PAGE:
CHICAGO--The Clinton campaign stepped up its criticism of White House hopeful Barack Obama for nearly 130 "present" votes he took in the state senate -- seeking to dilute his leadership claims -- while Sen. Dick Durbin (D-Ill.) said Obama was using strategy "widely accepted" in Springfield.
Three lawmakers backing Hillary Rodham Clinton -- Rep. Stephanie Tubb Jones (D-Ohio), Rep. Anthony Weiner (D-N.Y.) and Rep. Joe Crowley (D-N.Y.) -- said in a conference call Thursday organized by the Clinton campaign that a string of "present" votes Obama cast while an Illinois lawmaker showed Obama avoided tough stands.
"Yes or no should be an easy answer," said Tubb Jones. "He took what many of us in public life would say is the easy way out," said Weiner.
Durbin, a former parliamentarian for the Illinois State Senate, said the Clinton allies were not familiar with how things worked in Illinois. "Voting present was a widely accepted legislative strategy used to champion progressive causes, or to ward off legislation that was unfinished or unconstitutional," Durbin said in a statement issued by the Obama campaign.
A front-page story in the Thursday New York Times detailing Obama's "present" voting history triggered the renewed attack. Earlier this month, Clinton said, "A president can't vote 'present.' A president can't pick and choose which challenges he or she will face," focusing on nine roll calls where Obama voted "present" on abortion and gun-control measures.
On the abortion-related roll calls, Obama voted "present" not to duck taking a stand but to help provide political cover to lawmakers who did not hold a "safe" seat like he did, under an arrangement worked out with the registered lobbyist for the Illinois Planned Parenthood Council, Pam Sutherland. On the presidential campaign trail, one of Obama's biggest applause lines comes when he says he would limit the influence lobbyists would have in an Obama administration.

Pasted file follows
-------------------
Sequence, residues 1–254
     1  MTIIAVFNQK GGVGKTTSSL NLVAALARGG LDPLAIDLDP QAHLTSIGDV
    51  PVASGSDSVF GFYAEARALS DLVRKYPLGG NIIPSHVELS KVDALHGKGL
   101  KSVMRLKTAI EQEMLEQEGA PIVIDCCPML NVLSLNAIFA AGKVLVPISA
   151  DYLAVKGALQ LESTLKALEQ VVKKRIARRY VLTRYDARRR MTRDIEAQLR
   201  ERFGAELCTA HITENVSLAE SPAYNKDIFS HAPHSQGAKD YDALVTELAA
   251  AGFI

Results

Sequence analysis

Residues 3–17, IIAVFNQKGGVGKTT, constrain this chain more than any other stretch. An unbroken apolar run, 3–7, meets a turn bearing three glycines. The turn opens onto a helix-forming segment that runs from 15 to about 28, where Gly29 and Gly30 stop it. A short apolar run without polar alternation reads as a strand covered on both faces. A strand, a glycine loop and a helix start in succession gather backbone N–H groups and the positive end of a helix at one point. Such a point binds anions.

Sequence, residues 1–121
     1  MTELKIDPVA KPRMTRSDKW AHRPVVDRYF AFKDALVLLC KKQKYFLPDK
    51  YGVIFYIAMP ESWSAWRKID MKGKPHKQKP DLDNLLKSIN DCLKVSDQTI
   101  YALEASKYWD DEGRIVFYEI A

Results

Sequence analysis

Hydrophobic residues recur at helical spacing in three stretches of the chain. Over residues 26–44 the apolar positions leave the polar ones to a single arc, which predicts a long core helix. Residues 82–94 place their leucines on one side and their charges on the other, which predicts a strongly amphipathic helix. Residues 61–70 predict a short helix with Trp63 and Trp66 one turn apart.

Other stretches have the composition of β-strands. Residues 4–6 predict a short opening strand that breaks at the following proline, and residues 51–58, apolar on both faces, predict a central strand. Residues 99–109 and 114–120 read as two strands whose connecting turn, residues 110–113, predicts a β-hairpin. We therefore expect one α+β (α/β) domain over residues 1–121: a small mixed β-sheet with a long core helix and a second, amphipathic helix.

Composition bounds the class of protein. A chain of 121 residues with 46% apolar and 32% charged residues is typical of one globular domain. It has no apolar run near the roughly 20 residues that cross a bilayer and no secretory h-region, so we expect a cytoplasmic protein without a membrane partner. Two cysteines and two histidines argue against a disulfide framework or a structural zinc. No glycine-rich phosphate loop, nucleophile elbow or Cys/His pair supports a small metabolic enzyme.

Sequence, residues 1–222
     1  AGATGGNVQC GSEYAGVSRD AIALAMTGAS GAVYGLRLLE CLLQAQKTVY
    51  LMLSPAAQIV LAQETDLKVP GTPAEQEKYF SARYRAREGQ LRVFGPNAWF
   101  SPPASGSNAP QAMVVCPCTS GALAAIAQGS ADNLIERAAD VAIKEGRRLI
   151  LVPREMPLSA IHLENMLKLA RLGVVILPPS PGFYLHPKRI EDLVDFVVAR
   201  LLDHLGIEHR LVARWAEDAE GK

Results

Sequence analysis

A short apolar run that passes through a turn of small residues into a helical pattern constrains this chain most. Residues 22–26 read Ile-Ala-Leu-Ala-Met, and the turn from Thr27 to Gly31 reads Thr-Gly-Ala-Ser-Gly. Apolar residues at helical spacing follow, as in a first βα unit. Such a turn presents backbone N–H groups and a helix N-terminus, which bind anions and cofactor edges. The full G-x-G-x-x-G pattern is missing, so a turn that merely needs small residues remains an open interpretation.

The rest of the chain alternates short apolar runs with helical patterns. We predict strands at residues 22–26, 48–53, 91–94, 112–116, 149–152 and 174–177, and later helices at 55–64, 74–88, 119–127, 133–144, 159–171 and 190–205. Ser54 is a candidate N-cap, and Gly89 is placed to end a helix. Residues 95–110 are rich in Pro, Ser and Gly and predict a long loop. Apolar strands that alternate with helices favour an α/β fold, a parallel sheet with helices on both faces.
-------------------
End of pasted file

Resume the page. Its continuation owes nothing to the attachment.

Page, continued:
The New York Times analysis found at least 36 times when Obama was either the only state senator or part of a small group to vote "present" and 50 "present" votes that seemed to be part of a Democratic strategy. The Obama team noted he cast some 4,000 votes.
Obama's "present" votes were used against him when he ran for U.S. Senate in 2004, in one of the few negative hits aimed at him in that contest. Every one of Obama's 2004 Democratic opponents who did opposition research were aware of the "present" votes. Clinton, however, is hoping to use them more effectively by bringing the issue up a month before the Jan. 3 Iowa caucus vote and, as Thursday demonstrated, having "validators" repeat the message, leveraging the New York Times article.